The Scientist

» neurogenesis and culture

Most Recent

image: Cellular Pruning Follows Adult Neurogenesis

Cellular Pruning Follows Adult Neurogenesis

By | May 2, 2016

Newly formed neurons in the adult mouse brain oversprout and get cut back.

0 Comments

In the book's prologue, author Frans de Waal considers the intellectual impediments to studying animal intelligence.

0 Comments

image: Capsule Reviews

Capsule Reviews

By | May 1, 2016

Sorting the Beef from the Bull, Cheats and Deceits, A Sea of Glass, and Following the Wild Bees

0 Comments

image: Speaking of Science

Speaking of Science

By | May 1, 2016

May 2016's selection of notable quotes

0 Comments

image: The Global Science Era

The Global Science Era

By | May 1, 2016

As international collaboration becomes increasingly common, researchers must work to limit their own biases and let cultural diversity enhance their work.

2 Comments

image: The Zombie Literature

The Zombie Literature

By | May 1, 2016

Retractions are on the rise. But reams of flawed research papers persist in the scientific literature. Is it time to change the way papers are published?

9 Comments

image: To Each Animal Its Own Cognition

To Each Animal Its Own Cognition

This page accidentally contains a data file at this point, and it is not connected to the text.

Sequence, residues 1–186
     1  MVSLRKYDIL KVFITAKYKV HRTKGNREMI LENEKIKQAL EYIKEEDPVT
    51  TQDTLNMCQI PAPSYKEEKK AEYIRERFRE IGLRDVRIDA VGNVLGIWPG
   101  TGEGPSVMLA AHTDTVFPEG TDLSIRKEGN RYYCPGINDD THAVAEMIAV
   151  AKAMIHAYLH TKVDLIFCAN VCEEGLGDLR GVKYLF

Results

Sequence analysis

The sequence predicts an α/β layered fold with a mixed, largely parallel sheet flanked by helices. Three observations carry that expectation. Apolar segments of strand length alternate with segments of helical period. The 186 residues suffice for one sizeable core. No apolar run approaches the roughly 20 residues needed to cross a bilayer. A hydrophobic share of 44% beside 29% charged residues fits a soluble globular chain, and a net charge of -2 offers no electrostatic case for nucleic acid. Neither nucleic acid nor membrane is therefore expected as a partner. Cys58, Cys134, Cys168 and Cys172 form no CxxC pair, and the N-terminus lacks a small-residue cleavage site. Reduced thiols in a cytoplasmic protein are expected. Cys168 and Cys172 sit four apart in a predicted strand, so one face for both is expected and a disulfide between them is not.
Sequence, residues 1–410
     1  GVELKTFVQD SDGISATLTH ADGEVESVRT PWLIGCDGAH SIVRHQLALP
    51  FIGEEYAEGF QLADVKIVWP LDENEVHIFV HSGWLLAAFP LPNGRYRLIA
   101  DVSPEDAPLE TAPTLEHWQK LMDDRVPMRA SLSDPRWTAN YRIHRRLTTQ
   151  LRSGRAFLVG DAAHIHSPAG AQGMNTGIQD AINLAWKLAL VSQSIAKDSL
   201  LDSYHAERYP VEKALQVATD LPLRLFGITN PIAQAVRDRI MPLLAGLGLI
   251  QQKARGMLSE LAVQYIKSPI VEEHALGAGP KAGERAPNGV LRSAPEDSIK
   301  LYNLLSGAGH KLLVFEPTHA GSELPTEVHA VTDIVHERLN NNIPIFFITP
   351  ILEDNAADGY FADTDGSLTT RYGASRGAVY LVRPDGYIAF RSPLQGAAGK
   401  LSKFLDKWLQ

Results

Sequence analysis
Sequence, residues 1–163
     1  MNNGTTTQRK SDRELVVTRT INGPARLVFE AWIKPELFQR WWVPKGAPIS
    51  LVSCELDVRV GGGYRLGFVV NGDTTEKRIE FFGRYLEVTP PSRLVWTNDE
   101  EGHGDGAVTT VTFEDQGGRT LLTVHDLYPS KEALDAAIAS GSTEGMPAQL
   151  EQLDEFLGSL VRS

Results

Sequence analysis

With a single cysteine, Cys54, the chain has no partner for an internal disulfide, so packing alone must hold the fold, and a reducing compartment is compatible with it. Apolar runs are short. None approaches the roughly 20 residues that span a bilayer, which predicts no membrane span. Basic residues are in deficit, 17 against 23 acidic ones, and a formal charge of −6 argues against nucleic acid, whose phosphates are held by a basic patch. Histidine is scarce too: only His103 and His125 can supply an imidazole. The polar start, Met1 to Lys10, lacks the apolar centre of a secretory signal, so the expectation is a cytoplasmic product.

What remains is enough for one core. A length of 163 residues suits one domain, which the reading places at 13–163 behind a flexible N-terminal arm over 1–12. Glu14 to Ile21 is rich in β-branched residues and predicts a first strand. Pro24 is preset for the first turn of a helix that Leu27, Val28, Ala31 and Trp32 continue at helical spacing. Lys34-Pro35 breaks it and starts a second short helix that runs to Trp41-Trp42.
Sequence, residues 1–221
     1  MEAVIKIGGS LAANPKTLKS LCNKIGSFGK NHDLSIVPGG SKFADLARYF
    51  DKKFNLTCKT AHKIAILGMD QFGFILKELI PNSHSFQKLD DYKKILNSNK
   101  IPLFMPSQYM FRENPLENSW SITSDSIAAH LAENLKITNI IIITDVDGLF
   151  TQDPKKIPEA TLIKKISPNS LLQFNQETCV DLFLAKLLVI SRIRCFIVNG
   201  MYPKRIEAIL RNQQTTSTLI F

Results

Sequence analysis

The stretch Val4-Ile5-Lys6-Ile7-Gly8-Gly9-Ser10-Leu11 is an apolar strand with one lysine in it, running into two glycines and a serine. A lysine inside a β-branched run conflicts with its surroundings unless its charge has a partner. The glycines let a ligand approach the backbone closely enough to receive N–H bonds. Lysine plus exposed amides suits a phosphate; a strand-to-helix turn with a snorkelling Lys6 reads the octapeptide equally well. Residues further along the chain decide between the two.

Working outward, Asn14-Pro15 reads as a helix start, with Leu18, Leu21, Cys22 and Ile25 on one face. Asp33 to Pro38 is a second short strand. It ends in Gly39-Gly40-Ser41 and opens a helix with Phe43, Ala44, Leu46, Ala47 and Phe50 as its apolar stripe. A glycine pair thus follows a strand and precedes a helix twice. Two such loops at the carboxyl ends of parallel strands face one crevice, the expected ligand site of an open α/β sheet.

By | May 1, 2016

The study of nonhuman intelligence is coming into its own as researchers realize the unique contexts in which distinct species learn and behave.

3 Comments

image: Microglia Tamp Down Neurogenesis

Microglia Tamp Down Neurogenesis

By | April 7, 2016

The immune cells—known for clearing dead cells—also chew up live progenitors in neurogenic regions of mouse brains. 

0 Comments

image: Book Excerpt from <em>The Serengeti Rules</em>

Book Excerpt from The Serengeti Rules

By | April 1, 2016

In the introduction to the book, author Sean B. Carroll draws the parallels between ecological and physiological maladies.

0 Comments

image: Capsule Reviews

Capsule Reviews

By | April 1, 2016

Lab Girl, The Most Perfect Thing, Half-Earth, and Cosmosapiens

0 Comments

Popular Now

  1. So You’ve Been Mistaken as a White Nationalist
  2. Opinion: We Need a Replacement for Beall’s List
  3. Your Body Is Teeming with Weed Receptors
    Features Your Body Is Teeming with Weed Receptors

    And the same endocannabinoid system that translates marijuana's buzz-inducing compounds into a high plays crucial roles in health and disease outside the brain.

  4. Doctors’ Advice to Finish Antibiotics Overlooks Resistance
AAAS